27 Oct 2012, Posted by admin in EAT + DRINK, 0 Comments
I’ve always been a bit wary of a cookie that looks too perfect. You know, the ones with the razor-sharp edges, or crafted in circles so symmetrical they induce geometry class yawns. The worst offender this time of year: Those holiday cookies all dressed up for magazine covers with the ornamental icing piped so meticulously, it surely took all the fun out of making them. The flavor of that sticky-sweet icing laced with Red Dye #5? No comment.
Of all cookie cultures, Italians seem to appreciate those hard-earned almond imperfections most with their traditional biscotti of every shape and size. Cookies like lingue de gatto (cat’s tongue), a simple egg white and butter lightened cookie with an ingenious name, as it makes piping them onto parchment-lined baking sheets suddenly a carefree endeavor (those piping imperfections become part of the cat’s tongue story).
In books like the aptly named Biscotti, an excellent cookie manual for your back pocket, incidentally, there are biscotti al datteri e noci (date and walnut cookies) that benefit from that dusting of powdered sugar for more than flavor reasons — the snowy powder covers up the craggy walnuts that form a (delicious) nutmeat-blemished mound. And then there’s the namesake classic, brutti ma buoni (ugly but good) cookies, those little nubs of meringue speckled with hazlenuts that dissolve on your tongue before you even noticed there wasn’t a straight edge to be found.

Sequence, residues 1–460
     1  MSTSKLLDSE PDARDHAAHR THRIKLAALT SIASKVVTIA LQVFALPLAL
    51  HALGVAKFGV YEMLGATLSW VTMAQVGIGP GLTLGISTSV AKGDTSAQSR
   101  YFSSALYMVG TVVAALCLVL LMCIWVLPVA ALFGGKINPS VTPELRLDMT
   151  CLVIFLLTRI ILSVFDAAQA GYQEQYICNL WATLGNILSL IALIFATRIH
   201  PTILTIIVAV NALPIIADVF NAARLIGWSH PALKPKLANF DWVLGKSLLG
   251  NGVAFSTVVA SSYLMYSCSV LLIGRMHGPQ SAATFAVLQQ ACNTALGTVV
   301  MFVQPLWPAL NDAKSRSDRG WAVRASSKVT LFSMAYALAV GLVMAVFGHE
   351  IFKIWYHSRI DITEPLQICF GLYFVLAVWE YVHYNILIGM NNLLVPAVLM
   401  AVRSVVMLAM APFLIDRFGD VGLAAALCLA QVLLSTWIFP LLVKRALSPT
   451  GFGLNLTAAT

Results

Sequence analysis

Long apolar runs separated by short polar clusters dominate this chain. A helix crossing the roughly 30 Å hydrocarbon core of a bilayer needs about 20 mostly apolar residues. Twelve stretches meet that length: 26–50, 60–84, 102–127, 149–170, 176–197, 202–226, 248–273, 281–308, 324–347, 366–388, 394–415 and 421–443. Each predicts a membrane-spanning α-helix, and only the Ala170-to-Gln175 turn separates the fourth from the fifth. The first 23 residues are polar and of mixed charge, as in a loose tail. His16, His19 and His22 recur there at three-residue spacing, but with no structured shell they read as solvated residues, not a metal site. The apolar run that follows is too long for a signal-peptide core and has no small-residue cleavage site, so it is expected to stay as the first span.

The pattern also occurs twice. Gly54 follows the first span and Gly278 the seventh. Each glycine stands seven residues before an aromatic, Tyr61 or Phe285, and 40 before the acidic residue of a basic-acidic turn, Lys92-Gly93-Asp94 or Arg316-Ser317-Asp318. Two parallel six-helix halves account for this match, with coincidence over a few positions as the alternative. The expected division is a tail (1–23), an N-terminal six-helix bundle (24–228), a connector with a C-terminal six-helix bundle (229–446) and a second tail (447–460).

Or the biscotti al maise (cornmeal cookies) that Biscotti authors Mona Talbott and Mirella Misenti (Alice Waters was also involved in these freshly baked pages) advise you roll out and cut with cookie cutters. But hopefully, if you have the book (or a similar cornmeal cookie recipe), you didn’t. Instead, chill the lightly sweetened dough, shape it into rough rounds, give it a generous indentation with your thumb, and you’ve got some very ugly — and very good — jam thumbprint cookies.